UNION COUNTY — Some Union County residents have already contributed to the National Association of Letter Carriers Stamp Out Hunger Food Drive and more will have the opportunity to do so this Saturday and next week.
Since 1992, the NALC has conducted its annual food drive to combat hunger on the second Saturday in May in all 50 states, the District of Columbia, Puerto Rico, the Virgin Islands, and Guam. The NALC has collected a total of 1.2 billion pounds of food over the past 20 years including 70.7 million pounds collected in 2012.
The food drive is held in May because this is the time of year when those who need food assistance increasingly find the organizations that provide that assistance unable to do so. In a press release announcing this year’s Stamp Out Hunger Food Drive, the NALC stated that hunger is a growing problem in America, affecting approximately 50 million people including 17 million children and nine million senior citizens. The statement also pointed out that many food pantries which are filled during the holidays are bare by late spring. It further pointed out that most school meal programs will be suspended for the summer, forcing millions of children to find alternative sources of food.
This year’s food drive will be held on Saturday and the nation’s 175,000 letter carriers will collect the donations of food the public leaves by their mailboxes while delivering the mail. The donated food will be collected at area post offices and then distributed to local food pantries and other organizations involved in providing food to the needy.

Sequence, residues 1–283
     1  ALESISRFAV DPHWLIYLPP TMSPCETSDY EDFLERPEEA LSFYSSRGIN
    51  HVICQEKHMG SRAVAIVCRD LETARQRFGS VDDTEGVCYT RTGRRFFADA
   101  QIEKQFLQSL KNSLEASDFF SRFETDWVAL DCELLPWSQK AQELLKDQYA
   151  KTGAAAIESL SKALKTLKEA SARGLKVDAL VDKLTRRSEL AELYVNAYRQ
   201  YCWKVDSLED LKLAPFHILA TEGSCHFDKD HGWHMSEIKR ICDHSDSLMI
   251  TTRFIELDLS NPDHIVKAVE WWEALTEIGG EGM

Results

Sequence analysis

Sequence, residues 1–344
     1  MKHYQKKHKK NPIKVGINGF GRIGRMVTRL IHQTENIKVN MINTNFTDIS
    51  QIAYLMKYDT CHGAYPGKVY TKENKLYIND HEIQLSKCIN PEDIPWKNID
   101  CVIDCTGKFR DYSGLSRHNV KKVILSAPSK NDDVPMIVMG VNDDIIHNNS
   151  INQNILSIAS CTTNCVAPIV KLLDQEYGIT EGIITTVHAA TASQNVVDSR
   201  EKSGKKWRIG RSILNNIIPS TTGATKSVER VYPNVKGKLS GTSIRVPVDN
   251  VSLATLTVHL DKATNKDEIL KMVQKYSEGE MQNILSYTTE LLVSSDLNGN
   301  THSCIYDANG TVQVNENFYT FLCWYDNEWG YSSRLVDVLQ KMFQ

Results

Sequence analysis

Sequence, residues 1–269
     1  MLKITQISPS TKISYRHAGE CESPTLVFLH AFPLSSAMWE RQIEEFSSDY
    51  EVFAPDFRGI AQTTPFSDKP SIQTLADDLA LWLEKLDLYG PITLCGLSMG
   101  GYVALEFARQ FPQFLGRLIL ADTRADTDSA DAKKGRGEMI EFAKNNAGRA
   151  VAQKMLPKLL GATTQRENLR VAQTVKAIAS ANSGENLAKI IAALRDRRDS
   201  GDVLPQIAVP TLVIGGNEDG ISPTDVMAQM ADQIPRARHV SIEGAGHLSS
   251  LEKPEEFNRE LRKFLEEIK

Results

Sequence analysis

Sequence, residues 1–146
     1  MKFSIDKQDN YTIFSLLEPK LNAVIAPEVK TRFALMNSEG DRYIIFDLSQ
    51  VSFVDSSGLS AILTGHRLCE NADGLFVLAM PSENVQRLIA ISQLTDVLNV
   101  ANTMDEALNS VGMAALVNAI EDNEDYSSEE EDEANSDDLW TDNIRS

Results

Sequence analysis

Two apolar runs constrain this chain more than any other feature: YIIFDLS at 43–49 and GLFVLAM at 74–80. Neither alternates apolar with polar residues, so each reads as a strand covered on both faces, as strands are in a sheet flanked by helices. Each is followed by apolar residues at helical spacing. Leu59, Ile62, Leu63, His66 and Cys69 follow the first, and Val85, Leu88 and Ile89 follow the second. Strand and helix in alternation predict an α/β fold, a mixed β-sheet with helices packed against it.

While the food drive is scheduled for Saturday, Phillip Hughey, a letter carrier with the Union Post Office, said Thursday that donations are already coming in. He added that persons who don’t get their mail delivered to their homes but still want to donate can bring their donations to the post office.
“We’ve already had some people start giving and we’ve got a good bit already,” Hughey said. “There will be a receptacle here in the lobby for people without mailboxes or who just want to drop it off early.”
On Tuesday, letter carriers included bags for donations in with the mail they delivered. Hughey said residents can use the bags for donations, but even if they place them in another bag or a box their letter carriers will collect them as long as they are placed at the mailboxes on Saturday.
If, however, a person is not able to place their donation by their mailbox on Saturday, Hughey said carriers will still be collecting donations next week.
Hughey said donations should be of non-perishable food items in cans and boxes such as beans, soup, grits, noodles, macaroni and cheese, and cereal. Other non-perishable items that can be donated include canned meats and fish; canned vegetables, fruits, and juices; and pasta and rice.